He also revealed that the government has already approved the expansion of the Kenya Forestry Research Institute (Kefri) from the current six centres to 16 as part of efforts to attain the required minimum tree cover.
“Through expansion we want Kefri to train more staff and provide the necessary expertise that will enable us implement the strategy we have,” he said.
Dr Kiptoo said the state is working with all counties in the new aggressive plan to plant more trees. Each has been given a target of planting more than 43 million trees as part of the collective efforts to raise the country’s forest cover.
Nandi county has put up legislation which will help it achieve 30 percent forest cover up from its current 26.2 percent by 2030.
“We have formulated the Nandi County Wetlands Conservation and Management Policy and an Act of 2021. We have also formulated and gazetted the Climate Change Fund Act of 2021, with all these frameworks meant to combat climate change,” said the Nandi county environment and lands executive Philemon Buret.
This year, the county is planning to plant a million trees in gazetted forests, public institutions, wetlands and escarpments through partnerships with locals and organisations invested in environmental care.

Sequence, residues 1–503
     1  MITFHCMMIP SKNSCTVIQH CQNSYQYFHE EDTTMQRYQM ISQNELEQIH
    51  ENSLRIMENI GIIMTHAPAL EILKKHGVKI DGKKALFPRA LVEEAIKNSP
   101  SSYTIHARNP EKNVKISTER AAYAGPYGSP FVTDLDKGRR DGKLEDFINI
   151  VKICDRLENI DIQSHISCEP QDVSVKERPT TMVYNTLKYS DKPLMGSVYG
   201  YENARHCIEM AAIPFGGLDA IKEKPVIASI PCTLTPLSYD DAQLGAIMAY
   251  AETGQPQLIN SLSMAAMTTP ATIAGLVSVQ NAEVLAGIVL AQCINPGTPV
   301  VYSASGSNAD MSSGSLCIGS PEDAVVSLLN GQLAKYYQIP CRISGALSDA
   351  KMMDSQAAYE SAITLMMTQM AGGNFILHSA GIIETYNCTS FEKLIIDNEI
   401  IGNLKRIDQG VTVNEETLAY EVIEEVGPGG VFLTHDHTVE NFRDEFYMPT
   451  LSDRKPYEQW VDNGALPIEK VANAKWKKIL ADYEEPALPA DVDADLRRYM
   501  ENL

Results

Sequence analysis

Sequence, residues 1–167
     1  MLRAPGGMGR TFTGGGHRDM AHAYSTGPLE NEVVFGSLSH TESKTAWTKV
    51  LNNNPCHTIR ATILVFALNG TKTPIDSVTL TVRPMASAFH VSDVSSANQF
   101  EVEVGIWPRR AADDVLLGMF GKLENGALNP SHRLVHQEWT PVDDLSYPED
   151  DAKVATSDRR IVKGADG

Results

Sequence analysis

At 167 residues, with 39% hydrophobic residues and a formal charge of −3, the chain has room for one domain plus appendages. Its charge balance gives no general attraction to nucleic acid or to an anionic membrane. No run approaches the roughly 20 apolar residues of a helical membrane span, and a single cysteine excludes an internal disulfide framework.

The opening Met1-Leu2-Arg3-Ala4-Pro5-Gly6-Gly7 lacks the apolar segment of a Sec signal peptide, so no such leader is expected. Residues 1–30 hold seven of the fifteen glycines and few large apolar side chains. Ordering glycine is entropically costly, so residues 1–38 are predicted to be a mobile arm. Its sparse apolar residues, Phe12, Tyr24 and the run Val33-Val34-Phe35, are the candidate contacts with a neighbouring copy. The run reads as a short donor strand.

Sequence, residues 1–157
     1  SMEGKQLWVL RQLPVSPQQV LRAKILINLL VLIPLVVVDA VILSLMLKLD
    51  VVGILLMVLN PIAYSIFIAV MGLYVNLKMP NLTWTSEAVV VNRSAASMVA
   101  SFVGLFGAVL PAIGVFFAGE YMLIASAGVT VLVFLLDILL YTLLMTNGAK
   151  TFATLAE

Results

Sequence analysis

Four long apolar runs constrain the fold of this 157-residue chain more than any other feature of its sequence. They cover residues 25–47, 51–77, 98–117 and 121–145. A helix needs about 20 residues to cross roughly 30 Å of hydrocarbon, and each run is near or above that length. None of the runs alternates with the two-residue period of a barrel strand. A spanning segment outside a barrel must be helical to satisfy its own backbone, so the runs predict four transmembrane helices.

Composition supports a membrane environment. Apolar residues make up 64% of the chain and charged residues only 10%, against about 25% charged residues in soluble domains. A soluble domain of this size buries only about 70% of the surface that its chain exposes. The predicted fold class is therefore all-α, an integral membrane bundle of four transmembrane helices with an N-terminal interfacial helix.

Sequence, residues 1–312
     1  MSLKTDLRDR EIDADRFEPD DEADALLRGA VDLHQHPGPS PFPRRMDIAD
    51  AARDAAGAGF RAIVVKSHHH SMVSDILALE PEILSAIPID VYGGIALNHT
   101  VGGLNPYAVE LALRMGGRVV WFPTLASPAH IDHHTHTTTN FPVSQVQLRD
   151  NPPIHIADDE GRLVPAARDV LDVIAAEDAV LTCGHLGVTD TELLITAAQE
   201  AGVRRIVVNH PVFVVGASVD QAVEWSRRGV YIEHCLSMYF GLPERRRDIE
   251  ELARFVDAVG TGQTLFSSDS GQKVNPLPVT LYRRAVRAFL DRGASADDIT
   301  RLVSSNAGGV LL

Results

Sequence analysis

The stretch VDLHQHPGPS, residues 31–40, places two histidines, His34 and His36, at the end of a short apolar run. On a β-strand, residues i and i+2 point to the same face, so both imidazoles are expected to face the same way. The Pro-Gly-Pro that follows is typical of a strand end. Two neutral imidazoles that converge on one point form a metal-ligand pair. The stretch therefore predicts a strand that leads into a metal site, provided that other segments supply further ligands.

“We have planted more than 15,000 trees in North Nandi Forest and 10,000 indigenous trees in Tinderet Forest,” said Dr Buret.
“We found out that we have 1.8 million tree seedlings in private tree nurseries and two million in KFS tree nurseries. This means that we have the capacity to raise more than five million tree seedlings yearly.”
In Uasin Gishu, governor Jackson Mandago said the county has achieved 7.6 percent forest cover currently, and has outlined a programme to help it hit 10 percent in the short term and 15 percent in the medium term.
Mr Mandago said the county needs to conserve its water catchment areas to effectively serve the needs of the growing population, especially in Eldoret town.
“Major concerns to us are water towers such as Kaptagat Forest which the Ministry of Environment has fortunately declared a water tower,” said Mr Mandago.
In Elgeyo-Marakwet, the county is banking on private forestry to help it contribute its fair share of pushing Kenya’s cover to 10 percent.